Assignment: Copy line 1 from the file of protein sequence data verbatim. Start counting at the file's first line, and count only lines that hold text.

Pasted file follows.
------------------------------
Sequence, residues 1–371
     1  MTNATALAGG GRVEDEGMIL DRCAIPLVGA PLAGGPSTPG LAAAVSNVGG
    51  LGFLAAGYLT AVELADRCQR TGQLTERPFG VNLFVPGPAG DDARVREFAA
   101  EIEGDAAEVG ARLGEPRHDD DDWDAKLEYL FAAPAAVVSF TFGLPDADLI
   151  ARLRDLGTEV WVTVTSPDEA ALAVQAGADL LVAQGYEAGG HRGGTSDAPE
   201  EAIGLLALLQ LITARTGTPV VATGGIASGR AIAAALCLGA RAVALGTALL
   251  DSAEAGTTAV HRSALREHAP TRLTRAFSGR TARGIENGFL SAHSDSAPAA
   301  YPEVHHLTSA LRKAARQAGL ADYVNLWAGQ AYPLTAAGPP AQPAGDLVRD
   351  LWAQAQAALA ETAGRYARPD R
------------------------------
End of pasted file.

Sequence, residues 1–371